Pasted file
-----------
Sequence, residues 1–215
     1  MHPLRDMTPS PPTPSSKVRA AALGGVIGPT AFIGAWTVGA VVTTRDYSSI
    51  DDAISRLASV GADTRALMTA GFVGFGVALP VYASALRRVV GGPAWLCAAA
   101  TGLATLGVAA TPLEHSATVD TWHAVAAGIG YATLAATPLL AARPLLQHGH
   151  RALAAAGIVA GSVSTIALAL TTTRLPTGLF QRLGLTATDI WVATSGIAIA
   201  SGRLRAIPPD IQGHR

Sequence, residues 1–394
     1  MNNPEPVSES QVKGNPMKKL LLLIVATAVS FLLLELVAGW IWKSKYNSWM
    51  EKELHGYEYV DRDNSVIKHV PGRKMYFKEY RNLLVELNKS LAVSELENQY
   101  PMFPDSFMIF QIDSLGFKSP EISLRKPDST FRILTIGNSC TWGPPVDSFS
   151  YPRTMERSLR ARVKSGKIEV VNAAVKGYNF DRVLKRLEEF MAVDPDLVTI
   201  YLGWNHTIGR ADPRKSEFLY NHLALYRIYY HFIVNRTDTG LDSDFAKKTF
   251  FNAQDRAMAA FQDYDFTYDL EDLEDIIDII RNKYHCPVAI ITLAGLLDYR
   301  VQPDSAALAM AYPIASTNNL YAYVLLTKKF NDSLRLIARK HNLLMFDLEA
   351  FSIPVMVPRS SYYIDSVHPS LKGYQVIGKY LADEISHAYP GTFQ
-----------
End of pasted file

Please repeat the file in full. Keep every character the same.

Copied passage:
Sequence, residues 1–215
     1  MHPLRDMTPS PPTPSSKVRA AALGGVIGPT AFIGAWTVGA VVTTRDYSSI
    51  DDAISRLASV GADTRALMTA GFVGFGVALP VYASALRRVV GGPAWLCAAA
   101  TGLATLGVAA TPLEHSATVD TWHAVAAGIG YATLAATPLL AARPLLQHGH
   151  RALAAAGIVA GSVSTIALAL TTTRLPTGLF QRLGLTATDI WVATSGIAIA
   201  SGRLRAIPPD IQGHR

Sequence, residues 1–394
     1  MNNPEPVSES QVKGNPMKKL LLLIVATAVS FLLLELVAGW IWKSKYNSWM
    51  EKELHGYEYV DRDNSVIKHV PGRKMYFKEY RNLLVELNKS LAVSELENQY
   101  PMFPDSFMIF QIDSLGFKSP EISLRKPDST FRILTIGNSC TWGPPVDSFS
   151  YPRTMERSLR ARVKSGKIEV VNAAVKGYNF DRVLKRLEEF MAVDPDLVTI
   201  YLGWNHTIGR ADPRKSEFLY NHLALYRIYY HFIVNRTDTG LDSDFAKKTF
   251  FNAQDRAMAA FQDYDFTYDL EDLEDIIDII RNKYHCPVAI ITLAGLLDYR
   301  VQPDSAALAM AYPIASTNNL YAYVLLTKKF NDSLRLIARK HNLLMFDLEA
   351  FSIPVMVPRS SYYIDSVHPS LKGYQVIGKY LADEISHAYP GTFQ